Cycle time metric

What single metric defines efficiency of a marketing operation?

CONTROL, CONSISTENCY, AND COLLABORATION

The chief marketing officer of a global enterprise grapples with many issues and challenges.

Most successful CMOs make the execution of strategy their number one priority. This execution entails having the right people in the right jobs and having the systems for managing the marketing process.

GISTICS’ analysis of CMOs who consistently achieve strategic business results shows that they do so through systematized processes—repeatable, predictable ways of producing consistent, high-quality tactical results.

GISTICS’ research also reveals that many otherwise successful strategies failed to produce results due to a lack of systems for managing the marketing operation.

The figure below depicts four criteria by which a CMO can measure the efficiency of the marketing process.

CMOs drive faster cycle times using process automation, placing great emphasis on process-integration capabilities of strategy partners, including engagement agencies and marketing service providers.

CMOs drive faster cycle times using process automation, placing great emphasis on process-integration capabilities of strategy partners, including engagement agencies and marketing service providers.

Although cost remains a key concern, time (or how long it takes to produce a result) often takes priority over money.

Time to market emphasizes how quickly a firm can identify customer requirements, develop an appropriate offering, and bring it to market, all while maintaining tight controls of information—who needs to know what?

This speed may often require that a firm master collaboration with existing and prospective customers, as well as key third parties, consultants, and trade partners.

Important in the past, the product launch has emerged as the defining event for the enterprise. At no other time does marketing have such cross-functional visibility of its role in a company or a more direct link between its activities and increased sales than in a new product launch.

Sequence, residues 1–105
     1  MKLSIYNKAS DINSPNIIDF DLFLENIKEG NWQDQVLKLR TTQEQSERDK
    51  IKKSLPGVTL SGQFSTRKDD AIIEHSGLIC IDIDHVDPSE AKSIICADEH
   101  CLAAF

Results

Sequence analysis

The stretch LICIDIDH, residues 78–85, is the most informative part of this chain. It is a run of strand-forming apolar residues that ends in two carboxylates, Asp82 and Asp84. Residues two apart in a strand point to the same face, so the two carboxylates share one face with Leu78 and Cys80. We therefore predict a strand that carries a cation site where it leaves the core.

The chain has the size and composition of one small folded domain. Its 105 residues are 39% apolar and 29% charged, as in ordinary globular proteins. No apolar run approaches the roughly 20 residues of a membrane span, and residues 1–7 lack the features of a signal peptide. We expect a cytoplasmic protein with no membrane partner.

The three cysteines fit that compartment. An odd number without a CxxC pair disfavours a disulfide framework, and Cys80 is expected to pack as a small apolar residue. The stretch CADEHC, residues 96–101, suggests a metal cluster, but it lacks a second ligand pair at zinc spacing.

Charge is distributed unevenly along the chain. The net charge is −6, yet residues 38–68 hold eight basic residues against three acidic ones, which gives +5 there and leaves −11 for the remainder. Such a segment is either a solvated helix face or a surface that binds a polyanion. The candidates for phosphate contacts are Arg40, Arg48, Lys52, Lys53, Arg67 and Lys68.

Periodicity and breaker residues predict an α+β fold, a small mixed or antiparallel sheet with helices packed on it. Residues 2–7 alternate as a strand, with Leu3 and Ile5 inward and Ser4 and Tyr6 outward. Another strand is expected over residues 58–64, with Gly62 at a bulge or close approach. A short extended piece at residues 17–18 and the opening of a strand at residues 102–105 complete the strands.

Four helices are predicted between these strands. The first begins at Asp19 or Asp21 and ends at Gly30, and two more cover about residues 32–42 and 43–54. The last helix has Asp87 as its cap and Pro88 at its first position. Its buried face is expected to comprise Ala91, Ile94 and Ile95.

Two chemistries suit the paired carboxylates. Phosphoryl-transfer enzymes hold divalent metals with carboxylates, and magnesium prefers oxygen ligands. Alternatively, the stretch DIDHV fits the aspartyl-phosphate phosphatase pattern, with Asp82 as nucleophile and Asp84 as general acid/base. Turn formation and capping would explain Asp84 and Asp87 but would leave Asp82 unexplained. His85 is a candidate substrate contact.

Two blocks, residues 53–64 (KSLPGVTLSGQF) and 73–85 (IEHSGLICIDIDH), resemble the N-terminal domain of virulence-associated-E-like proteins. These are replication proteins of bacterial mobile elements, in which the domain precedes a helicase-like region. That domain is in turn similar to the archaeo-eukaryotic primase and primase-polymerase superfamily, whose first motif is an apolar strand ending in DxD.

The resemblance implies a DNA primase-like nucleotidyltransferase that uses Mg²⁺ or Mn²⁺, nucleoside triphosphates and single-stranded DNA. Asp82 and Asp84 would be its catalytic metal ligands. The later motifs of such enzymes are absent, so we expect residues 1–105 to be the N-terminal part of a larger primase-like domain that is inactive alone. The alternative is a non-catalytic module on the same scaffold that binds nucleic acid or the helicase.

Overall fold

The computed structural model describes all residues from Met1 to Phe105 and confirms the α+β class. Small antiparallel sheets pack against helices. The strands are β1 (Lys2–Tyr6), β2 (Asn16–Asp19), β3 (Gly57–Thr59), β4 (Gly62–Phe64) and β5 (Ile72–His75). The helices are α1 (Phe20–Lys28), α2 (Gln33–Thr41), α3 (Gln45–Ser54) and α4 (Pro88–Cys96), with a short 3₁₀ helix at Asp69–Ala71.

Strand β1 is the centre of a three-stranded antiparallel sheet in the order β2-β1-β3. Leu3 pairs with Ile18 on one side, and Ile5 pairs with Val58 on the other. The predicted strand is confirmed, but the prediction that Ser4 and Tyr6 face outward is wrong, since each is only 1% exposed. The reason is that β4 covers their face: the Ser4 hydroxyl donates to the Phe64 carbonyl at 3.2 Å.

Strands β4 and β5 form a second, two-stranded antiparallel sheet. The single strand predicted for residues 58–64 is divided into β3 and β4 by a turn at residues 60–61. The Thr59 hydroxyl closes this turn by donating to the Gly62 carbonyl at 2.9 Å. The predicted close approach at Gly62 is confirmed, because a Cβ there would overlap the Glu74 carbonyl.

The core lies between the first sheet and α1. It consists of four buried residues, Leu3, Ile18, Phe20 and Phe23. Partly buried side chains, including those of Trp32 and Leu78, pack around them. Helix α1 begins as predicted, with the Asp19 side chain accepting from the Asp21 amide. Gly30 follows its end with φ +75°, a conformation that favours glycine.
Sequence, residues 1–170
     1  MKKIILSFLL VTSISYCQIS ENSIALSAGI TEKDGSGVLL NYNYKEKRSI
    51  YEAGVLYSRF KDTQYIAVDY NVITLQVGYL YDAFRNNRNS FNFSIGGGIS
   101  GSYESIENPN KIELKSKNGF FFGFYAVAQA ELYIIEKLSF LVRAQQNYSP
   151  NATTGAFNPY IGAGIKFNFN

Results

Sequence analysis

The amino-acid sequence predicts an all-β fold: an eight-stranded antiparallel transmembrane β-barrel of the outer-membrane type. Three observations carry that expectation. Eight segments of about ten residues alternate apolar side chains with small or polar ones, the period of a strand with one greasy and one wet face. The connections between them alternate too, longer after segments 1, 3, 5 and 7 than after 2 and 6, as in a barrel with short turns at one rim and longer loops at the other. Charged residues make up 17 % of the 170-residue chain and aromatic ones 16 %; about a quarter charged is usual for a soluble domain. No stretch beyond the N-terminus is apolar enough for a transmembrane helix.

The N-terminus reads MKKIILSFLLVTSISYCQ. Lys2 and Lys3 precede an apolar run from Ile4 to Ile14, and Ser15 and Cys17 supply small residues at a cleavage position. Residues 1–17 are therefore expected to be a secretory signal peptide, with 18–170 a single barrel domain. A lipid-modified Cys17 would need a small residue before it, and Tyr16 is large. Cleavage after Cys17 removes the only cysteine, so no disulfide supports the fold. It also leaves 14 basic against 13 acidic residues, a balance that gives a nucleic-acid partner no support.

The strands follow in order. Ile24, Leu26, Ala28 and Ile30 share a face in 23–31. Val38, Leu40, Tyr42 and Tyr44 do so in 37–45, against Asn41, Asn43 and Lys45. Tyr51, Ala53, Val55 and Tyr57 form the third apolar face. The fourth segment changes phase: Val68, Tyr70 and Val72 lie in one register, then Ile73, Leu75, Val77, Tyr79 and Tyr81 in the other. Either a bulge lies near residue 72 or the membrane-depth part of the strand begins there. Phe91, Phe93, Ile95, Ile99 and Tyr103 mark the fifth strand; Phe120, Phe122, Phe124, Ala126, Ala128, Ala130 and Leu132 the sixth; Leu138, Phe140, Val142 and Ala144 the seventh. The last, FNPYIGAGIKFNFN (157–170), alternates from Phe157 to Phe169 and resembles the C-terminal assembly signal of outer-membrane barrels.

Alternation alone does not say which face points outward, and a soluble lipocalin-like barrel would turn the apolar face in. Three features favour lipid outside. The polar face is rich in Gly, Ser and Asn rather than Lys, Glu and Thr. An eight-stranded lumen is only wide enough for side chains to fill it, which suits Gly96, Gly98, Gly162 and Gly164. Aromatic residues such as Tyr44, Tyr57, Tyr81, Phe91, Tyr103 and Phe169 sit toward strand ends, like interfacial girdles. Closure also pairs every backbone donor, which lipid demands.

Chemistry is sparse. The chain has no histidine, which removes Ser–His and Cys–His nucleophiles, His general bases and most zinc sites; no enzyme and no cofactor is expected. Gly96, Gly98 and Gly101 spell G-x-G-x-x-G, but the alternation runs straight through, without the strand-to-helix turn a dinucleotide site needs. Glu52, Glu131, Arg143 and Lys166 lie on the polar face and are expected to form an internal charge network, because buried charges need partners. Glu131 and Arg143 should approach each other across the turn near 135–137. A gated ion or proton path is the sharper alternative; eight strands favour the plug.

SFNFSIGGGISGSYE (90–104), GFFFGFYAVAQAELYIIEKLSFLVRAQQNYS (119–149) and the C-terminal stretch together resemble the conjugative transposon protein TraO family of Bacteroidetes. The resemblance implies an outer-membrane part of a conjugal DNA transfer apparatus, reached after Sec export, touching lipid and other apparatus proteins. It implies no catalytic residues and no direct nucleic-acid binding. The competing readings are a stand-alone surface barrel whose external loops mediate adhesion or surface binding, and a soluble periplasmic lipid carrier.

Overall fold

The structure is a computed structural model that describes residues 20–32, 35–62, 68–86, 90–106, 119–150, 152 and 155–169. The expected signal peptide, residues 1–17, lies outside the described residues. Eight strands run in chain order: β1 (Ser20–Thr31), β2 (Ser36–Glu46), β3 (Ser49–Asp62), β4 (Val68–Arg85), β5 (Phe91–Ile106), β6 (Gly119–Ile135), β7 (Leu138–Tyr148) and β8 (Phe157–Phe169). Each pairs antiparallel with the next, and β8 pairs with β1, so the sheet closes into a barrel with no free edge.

For these reasons, a marketing operations management platform must enable an enterprise to capture, codify, and propagate best practices for reducing time to market for a major launch.

Time to synchronize emphasizes how quickly a marketer can marshal multichannel resources for maximum effect at various points of purchase.

The synchronization of “land, sea, and air” assets of a marketing campaign means that the single voice of a brand spans the entire spectrum of the media and channels used. Successful synchronization creates an echo effect, where media synergies enable the brand voice to reverberate throughout the market.

Successful synchronization requires best-of-class collaboration among marketers and their channel partners.

Time to customerize emphasizes the technical and logistical capacity to localize products and online services to a culture or society, customize marketing programs and services for particular seasonal opportunities or distribution channel partners, and personalize offerings and brands to individuals, customer groups, or lifestyle profiles. Mastering cycle times as outlined above requires new systems, processes, and accountabilities within a marketing operation—the subject of this paper.

Time to satisfy emphasizes post-sales service and fulfillment, using advanced policy-managed subscriptions and individual customer personas—increasingly complex, multidimensional declarations of preferences, modes of consumption, and correlations to social contexts and geo-locations.

Discussion-starting questions:

  • How important is cycle time in your firm?
  • What is the economic value of one added day in a product-sales life cycle?
  • What are the principal barriers to more effective collaboration within marketing? Among marketing partners?

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